Without a doubt, the cartoons manufactured by the Warner Brothers studios through the 1930s to the `50s were the best produced anywhere. Characters like Bugs Bunny, Daffy Duck and Elmer Fudd, to name a few, were such solid creations that the animated shorts still entertain today. Unfortunately, these classic characters aren’t being serviced as well by their current caretakers.
Following a run in with the rather humorless Kate Houghton (Jenna Elfman), the new vice president in charge of comedy, cartoon star Daffy Duck is fired from Warner Brothers studio. Warner’s security D.J. (Brandon Fraser) also loses his job when, in the course of ejecting Daffy from the studio he ruins shooting on a new Batman film and dumps the contents of the Warner’s water tower into Kate’s car. Returning home with Daffy in tow, D.J. discovers that his father Damian Drake (Timothy Dalton in perhaps the biggest image cash in by a former James Bond actor since Roger Moore appeared in Spice World (1997)) is using his fame as the star of a series of spy movies as cover for being a real spy. Drake has been captured by the Chairman of the Acme Corporation (Steve Martin) after discovering that he has an evil plot involving the mysterious Blue Monkey diamond.
Realizing that Daffy is an integral part of the cartoons, Kate and Bugs follow D.J. and Daffy to Vegas, helping them escape from Yosemite Sam in Damian’s spy car. As the four join forces to rescue Damian Drake and thwart the Chairman’s plan to enslave the world, their path takes them from the secret government complex Area 52 to Paris to outer space.
As expected, the plot is nothing more than a skeleton to hang jokes on. Unfortunately, outside of a few set pieces, which we’ll get to in a moment, there’s not much meat to the movie. While the jokes fly fast and furious, they miss more often then they hit their target. The pacing of the film is jerky, sometimes dragging under the weight of not very funny material, and there’s no building excitement towards the climax.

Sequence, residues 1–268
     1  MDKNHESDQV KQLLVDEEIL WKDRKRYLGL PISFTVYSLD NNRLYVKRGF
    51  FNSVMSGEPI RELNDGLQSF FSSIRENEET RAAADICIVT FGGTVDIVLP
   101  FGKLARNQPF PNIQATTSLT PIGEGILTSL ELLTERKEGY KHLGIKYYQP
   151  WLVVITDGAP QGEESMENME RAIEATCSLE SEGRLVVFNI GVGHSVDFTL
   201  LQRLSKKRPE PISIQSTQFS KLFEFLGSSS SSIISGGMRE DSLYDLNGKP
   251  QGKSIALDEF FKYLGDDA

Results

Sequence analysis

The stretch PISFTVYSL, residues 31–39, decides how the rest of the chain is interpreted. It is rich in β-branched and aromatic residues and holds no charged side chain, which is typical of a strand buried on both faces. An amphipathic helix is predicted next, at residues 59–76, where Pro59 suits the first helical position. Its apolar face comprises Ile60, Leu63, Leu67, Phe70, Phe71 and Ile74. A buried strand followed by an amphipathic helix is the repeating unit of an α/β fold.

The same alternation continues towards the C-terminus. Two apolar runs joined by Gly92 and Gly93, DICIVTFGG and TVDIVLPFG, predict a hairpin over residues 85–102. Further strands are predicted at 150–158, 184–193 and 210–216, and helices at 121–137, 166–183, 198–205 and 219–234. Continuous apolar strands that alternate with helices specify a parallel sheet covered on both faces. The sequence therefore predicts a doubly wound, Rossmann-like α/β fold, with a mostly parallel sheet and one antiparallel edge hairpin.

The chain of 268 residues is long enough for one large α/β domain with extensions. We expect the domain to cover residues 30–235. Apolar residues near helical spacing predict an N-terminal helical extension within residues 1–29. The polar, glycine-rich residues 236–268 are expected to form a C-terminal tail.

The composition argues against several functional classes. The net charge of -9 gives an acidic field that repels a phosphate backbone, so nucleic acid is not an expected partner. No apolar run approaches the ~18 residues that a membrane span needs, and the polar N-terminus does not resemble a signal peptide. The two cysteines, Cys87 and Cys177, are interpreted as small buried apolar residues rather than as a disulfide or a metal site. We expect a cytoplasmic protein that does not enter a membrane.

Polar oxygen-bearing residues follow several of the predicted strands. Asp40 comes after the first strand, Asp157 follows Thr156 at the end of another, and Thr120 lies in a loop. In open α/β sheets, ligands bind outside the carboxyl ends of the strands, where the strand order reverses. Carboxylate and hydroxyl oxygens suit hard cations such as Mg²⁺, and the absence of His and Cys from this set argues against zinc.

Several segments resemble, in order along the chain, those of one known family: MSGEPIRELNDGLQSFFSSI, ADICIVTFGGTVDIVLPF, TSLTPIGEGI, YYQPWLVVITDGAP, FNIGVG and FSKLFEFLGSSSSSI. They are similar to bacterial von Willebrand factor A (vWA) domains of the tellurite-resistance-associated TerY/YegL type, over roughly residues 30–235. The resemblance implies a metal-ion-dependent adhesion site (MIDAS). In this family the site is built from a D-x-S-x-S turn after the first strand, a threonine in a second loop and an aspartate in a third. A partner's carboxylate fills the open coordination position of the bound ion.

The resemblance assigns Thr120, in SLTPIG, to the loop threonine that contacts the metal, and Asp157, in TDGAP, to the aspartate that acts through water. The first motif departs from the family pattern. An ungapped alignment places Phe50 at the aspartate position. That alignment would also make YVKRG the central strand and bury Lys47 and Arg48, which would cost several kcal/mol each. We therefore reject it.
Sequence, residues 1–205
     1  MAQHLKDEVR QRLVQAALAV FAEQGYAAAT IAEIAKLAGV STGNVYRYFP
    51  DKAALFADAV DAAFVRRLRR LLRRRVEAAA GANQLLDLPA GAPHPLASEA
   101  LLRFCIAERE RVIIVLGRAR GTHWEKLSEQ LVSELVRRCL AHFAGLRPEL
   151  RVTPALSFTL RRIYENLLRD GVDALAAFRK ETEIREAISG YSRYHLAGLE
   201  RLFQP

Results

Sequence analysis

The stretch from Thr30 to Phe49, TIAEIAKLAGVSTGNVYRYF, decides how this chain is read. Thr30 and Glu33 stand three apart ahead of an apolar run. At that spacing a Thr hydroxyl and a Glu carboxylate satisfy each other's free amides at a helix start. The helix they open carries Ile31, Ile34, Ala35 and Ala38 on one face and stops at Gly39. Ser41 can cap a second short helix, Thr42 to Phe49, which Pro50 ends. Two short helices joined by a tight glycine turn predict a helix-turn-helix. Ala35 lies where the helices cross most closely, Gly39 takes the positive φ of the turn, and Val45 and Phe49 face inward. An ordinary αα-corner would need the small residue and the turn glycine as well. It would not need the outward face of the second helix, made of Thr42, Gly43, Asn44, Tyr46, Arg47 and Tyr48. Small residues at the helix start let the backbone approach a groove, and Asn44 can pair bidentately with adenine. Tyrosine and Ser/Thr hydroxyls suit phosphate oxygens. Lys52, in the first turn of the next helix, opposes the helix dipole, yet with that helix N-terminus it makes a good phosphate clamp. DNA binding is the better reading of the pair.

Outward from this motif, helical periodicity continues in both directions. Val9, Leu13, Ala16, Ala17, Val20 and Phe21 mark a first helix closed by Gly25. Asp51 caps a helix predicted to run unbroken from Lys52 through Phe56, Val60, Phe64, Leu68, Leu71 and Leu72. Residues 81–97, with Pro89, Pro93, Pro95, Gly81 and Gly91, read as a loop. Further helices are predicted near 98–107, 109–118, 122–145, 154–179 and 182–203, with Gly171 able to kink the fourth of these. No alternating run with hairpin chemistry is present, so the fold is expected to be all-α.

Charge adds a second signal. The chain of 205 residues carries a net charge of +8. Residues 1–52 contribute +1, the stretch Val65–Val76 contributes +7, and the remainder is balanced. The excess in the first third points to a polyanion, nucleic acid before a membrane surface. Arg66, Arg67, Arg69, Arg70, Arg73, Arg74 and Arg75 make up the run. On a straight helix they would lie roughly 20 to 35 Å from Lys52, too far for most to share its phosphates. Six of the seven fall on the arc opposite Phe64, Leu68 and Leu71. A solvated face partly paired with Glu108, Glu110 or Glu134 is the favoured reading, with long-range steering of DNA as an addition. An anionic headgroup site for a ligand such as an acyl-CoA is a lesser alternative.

The film does have a few redeeming sequences. Director Joe Dante indulges his love of 1950s science-fiction b-films in the Area 52 sequence and its menagerie of familiar captured alien invaders. Another sequence finds Bugs and Daffy being chased by Elmer Fudd through the various paintings hanging in Paris’ Louvre museum. Watching the characters run through Munch’s “Scream” or Dali’s “Persistence of Memory” I couldn’t help but feel Dante is giving a nod to the late director Chuck Jones who often liked to mix classical influences into his shorts (“What’s Opera Doc?” (1957), “The Rabbit Of Seville (1950)”).
In jokes abound in this movie. Classic Warner Brothers cartoon directors Chuck Jones and Robert McKimson and voice artist Mel Blanc get name checked early on. Bond fans will get chuckles from the various movie posters in Drake’s home. Several other supporting characters from the shorts show up in quick cameos including Beaky Buzzard and the Peter Lorre-esque Mad Scientist. There’s a sequence set in the Warner Brothers Studio cafeteria where we can see Speedy Gonzalez lamenting his political incorrectness and the animated Shaggy yelling at actor Mark Lillard that he didn’t portray him right in the recent Scooby Doo live action film. These are nice little surprises for the adults who bring their children to the movie, it’s not going to be enough to sustain the film for them.
The thing that hurts the movie the most is the same thing that hamstrung Space Jam, the 1996 film that teamed the Looney Tunes characters with a live action Michael Jordan, having Bugs Bunny conscious of his status as a world famous cartoon star. While this tactic worked well for the Bugs-inspired Who Framed Roger Rabbit? (1988), this distances Bugs from the “average Joe” persona he sported in the classic shorts. True, there were a few times in those shorts were the characters broke the fourth wall and acknowledged their existence as “contract players” at Warner Brothers, but it was always done for the sake of a joke. While, Bugs’ character is not as watered down here as in Space Jam, it doesn’t feel as strong as when he appeared in the classic shorts.
Daffy Duck fares a little better. As a character Daffy started of as a crazy (or daffy, if you will) duck that just ran amuck for the seven-minute length of a cartoon. Slowly, he evolved into a more vain character whose ineptitude was his own worse enemy. Dante plays the character straight down the middle giving fans of each version of the character something.
Although the younger set will probably overlook Looney Tunes: Back In Action’s flaws, there isn’t enough in the film to recommend it for older fans of the original Looney Tunes cartoons. They would be better served by investing in the recently released Looney Tunes Gold Collection 4-disc DVD set.